Tuesday, November 23, 2010

Accounting Jobs and Software

I got an email recently from another blogger, Hunter Richards, who manages the site at http://www.softwareadvice.com/accounting/.  He recently published a study on accounting-related technical skills sought by employers.  I got my start as an accountant, so I found this study very interesting.  I started out my technical career doing international consolidations in spreadsheets.  At the time, I was using Supercalc 5 on a Unix workstation with a 640K DOS partition and 2 diskette drives.  The consolidation macros I wrote prompted me to change diskettes twice for the Balance Sheet and twice for the Income Statement.  Later, I was involved in both an Oracle Financials project and an SAP project at the same company.  I also got really good at Excel and ended up writing Excel books.

Technology certainly made it possible to get me from my accounting background to where I am today.  That being said, the time I spent in accounting was also extremely important as it gave me domain experience in a given field and I use that experience nearly every day. Lesson from it all?  If you an accountant and you learn a technology, you end up an Oracle ACE Director and blog on your experiences?  Well, you never know!

Here is a link to the blog entry.  Enjoy!


Friday, November 19, 2010

Goodbye to Microsoft Analysis Services? Part 2

I got a follow up email from a friend who asked if I had seen a follow-on post to the original blog entry.  I had not, but here is is:


It sounds a little like back pedaling from Microsoft but, if you read the comments, it doesn't look like the Microsoft crowd feels very comfortable.   My favorite comments posted there is this one.

"Well, it looks like Microsoft talked to you and and wants to “assure” everyone that all is well. Yeah, just like ProClarity, right? I think that a new technology direction is a good thing. But not when you push the timeline out many years to get a good stable solution. Long term, this is probably a good thing, but short term, msft will see a loss in market share….. When the client tools AND server techonology are in flux, how many customers will want to invest in that dream? Check back with msft in about 5 years and they will be winners."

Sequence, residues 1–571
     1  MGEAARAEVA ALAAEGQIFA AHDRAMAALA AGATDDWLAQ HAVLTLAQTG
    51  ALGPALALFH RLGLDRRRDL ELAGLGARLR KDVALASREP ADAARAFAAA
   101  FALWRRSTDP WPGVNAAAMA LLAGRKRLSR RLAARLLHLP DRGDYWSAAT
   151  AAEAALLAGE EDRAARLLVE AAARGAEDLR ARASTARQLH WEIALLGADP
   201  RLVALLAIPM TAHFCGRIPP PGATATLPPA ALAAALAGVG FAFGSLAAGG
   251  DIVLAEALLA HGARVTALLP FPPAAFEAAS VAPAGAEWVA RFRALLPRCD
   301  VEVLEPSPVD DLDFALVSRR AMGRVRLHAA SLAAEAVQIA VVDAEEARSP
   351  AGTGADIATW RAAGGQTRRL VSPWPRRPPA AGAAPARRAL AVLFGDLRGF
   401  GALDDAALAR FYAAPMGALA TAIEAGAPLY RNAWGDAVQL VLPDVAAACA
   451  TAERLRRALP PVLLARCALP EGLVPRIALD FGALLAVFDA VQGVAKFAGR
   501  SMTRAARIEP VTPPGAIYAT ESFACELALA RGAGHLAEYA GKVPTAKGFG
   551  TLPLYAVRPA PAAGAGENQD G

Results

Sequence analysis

And it isn't that Essbase customers have been immune as there was much uncertainty after the Oracle acquisition.  As I am someone who, more than anyone I know, is all in for Essbase, it is very comforting that storm has passed and Essbase is becoming a featured component deep in the heart of the Oracle Fusion strategy.

Tuesday, November 16, 2010

Goodbye to Microsoft Analysis Services?

In a series of recent Twitter tweets, fellow Oracle ACE Director Mark Rittman posted the following (pasted/edited) statement referring to a post by a Microsoft BI person at http://cwebbbi.wordpress.com/2010/11/11/pass-summit-day-2/:

"History repeating itself. MS doing to MSAS what Oracle did to Express Server .  So with MS abandoning AS and MDX, will Oracle (through Essbase) be the main sponsor and supporter of MDX going forward? Oh the irony."
Ironic?  Certainly..  I was actually there at the initial XML for Analysis Advisory Council meeting when Microsoft announced to the world that MDX would be the foundation of the XML/A standard.  It had already been discussed with Hyperion but, as it was 9/11, yes, that 9/11, I was the only "Hyperion" representative in the room as the entire Hyperion team was grounded by the terrorist attacks.  In the past 9 years, it  has now come full circle that Oracle, apparently, will be the standard-bearer for MDX.